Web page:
Google's patent covers techniques for estimating a pose of at least one hand by volumetrically deforming a signed distance field using a skinned tetrahedral mesh to locate a local minimum of an energy function, wherein the local minimum corresponds to the hand pose.


Further, Google notes further into their patent that a hand tracking module receives depth images of a hand from a depth camera and identifies a pose of the hand by fitting an implicit surface model of a hand, defined as the zero crossings of an articulated signed distance function, to the pixels of a depth image that correspond to the hand.


The hand tracking module fits the model to the pixels by first volumetrically warping the pixels into a base pose and then interpolating 3D grid of precomputed signed distance values to estimate the distance to the implicit surface model. The volumetric warp is performed using a skinned tetrahedral mesh. Google's patent FIG. 4 below is a diagram illustrating a base pose of a skinned tetrahedral volumetric mesh.


2 X Hand Pose skinned tetrahedral volumetric mesh


According to Google, the hand tracking module uses the skinned tetrahedral mesh to warp space from a base pose to a deformed pose to define an articulated signed distance field from which the hand tracking module derives candidate poses of the hand. Explicitly generating the articulated signed distance function is, however, avoided, by instead warping the pixels from the deformed pose to the base pose where the distance to the surface can be estimated by interpolating the precomputed 3D grid of signed distance values. The hand tracking module then minimizes the energy function based on the distance of each corresponding pixel as to identify the candidate pose that most closely approximates the pose of the hand.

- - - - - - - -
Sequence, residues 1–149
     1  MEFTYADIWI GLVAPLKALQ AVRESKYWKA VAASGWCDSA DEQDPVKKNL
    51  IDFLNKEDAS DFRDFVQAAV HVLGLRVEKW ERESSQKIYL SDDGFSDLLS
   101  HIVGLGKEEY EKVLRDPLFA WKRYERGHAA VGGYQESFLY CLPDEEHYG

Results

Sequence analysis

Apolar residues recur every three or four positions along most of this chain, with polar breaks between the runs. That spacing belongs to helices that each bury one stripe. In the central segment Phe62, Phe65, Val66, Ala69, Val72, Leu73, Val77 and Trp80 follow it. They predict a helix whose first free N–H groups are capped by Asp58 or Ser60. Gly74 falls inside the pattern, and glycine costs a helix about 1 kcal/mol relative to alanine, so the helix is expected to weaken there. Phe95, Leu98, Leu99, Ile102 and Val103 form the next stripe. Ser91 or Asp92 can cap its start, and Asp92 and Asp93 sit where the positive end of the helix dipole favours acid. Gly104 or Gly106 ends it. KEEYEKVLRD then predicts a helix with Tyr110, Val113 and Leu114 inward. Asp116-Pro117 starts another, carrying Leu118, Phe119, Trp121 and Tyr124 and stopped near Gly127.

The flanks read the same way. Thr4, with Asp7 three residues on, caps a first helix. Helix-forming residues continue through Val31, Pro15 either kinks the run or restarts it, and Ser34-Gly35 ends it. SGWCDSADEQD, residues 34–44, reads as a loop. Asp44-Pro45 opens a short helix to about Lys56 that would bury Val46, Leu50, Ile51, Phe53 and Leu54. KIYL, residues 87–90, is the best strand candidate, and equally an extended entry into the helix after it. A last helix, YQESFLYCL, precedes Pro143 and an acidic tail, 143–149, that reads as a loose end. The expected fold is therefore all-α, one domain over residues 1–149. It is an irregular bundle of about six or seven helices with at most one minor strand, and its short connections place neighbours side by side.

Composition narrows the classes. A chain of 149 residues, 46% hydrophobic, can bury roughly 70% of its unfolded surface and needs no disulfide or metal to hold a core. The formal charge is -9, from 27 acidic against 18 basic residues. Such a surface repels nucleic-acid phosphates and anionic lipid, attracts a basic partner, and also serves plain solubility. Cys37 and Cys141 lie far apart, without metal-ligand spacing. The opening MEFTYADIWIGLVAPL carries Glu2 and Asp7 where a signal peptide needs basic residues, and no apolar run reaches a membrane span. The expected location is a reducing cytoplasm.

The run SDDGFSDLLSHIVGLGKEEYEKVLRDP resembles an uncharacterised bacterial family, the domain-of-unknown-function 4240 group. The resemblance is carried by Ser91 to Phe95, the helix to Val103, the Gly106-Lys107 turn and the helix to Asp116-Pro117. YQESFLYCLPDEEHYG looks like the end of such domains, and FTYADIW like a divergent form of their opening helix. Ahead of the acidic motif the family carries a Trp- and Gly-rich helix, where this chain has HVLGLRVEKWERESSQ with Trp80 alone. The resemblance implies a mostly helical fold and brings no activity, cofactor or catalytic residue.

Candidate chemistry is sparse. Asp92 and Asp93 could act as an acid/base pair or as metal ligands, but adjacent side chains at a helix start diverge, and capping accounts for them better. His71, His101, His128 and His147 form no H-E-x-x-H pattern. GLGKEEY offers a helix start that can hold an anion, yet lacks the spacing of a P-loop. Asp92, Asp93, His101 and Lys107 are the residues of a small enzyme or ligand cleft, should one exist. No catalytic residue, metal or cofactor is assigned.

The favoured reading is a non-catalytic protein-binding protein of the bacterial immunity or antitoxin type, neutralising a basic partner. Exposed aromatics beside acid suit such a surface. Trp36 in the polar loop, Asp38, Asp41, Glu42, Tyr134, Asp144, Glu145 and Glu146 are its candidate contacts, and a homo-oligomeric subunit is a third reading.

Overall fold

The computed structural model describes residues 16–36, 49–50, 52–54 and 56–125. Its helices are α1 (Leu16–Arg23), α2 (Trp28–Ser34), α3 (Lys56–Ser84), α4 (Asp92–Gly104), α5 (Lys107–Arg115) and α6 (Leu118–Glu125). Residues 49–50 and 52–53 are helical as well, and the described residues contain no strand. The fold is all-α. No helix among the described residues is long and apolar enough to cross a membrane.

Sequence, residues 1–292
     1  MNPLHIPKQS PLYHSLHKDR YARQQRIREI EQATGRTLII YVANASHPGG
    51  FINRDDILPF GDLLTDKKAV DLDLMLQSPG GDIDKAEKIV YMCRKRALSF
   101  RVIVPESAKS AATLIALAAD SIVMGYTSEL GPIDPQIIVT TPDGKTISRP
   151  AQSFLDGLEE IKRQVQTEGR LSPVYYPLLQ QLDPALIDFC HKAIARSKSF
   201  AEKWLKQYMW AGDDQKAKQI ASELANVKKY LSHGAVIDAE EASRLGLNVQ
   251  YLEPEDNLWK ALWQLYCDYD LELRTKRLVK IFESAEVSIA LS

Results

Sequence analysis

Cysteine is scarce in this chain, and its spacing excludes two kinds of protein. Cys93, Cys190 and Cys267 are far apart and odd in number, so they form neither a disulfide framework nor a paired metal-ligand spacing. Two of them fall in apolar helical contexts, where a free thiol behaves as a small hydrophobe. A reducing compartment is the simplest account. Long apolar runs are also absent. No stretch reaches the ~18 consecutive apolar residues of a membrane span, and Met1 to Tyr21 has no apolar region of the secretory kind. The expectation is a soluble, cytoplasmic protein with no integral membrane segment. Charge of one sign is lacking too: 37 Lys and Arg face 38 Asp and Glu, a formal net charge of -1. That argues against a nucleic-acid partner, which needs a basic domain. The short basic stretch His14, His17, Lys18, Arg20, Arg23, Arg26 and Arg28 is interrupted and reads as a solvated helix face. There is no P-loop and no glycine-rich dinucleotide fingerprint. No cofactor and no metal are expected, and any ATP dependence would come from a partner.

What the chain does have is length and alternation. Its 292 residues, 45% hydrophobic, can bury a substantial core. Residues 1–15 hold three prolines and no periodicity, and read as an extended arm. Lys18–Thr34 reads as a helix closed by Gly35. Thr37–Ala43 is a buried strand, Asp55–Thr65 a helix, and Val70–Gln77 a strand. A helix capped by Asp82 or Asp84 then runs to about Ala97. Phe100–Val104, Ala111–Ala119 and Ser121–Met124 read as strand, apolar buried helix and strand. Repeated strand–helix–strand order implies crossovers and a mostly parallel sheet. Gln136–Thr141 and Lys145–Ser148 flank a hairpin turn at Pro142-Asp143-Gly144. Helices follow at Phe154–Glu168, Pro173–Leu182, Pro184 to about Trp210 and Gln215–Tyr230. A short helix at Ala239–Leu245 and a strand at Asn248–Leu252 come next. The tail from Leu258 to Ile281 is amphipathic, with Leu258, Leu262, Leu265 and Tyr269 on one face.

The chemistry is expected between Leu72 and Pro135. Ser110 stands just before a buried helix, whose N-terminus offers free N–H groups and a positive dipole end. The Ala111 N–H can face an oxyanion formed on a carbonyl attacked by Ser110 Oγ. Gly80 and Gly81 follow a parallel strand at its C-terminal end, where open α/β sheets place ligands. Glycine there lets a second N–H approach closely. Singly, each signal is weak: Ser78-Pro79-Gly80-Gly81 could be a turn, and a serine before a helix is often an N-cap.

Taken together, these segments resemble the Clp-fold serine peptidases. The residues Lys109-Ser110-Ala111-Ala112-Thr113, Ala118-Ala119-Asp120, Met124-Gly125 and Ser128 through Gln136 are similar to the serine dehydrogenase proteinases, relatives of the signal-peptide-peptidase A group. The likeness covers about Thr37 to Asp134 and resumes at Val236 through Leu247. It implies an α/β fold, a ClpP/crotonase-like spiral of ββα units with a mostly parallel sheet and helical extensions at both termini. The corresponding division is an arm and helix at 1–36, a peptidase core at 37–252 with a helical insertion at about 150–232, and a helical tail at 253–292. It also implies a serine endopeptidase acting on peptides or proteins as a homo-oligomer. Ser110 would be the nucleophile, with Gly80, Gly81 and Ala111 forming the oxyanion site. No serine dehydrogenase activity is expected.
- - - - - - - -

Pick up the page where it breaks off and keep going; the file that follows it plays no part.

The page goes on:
Google's future hand tracking system is configured to support hand tracking functionality for AR/VR applications, using depth sensor data.  The hand tracking system can include a user-portable mobile device, such as a tablet computer, computing-enabled cellular phone (e.g., a "smartphone"), a head-mounted display (HMD), a notebook computer, a personal digital assistant (PDA), a gaming system remote, a television remote, camera attachments with or without a screen, and the like.


Google's patent FIG. 1 is a diagram illustrating a hand tracking system estimating a current pose of a hand based on a depth image; FIG. 6 is a diagram illustrating a two-dimensional cross-section of the end of a finger in a base pose contained inside a triangular mesh; FIG. 7 is a diagram illustrating a two-dimensional cross-section of the end of a finger in a query pose contained inside a deformed triangular mesh; and FIG. 9 is a flow diagram illustrating a method of estimating a current pose of a hand based on a captured depth image. 




The U.S. Patent and Trademark Office published Google's granted patent yesterday, April 7, 2020. Google originally filed for this patent back on May 31, 2018.


10.3 - Patently Extra News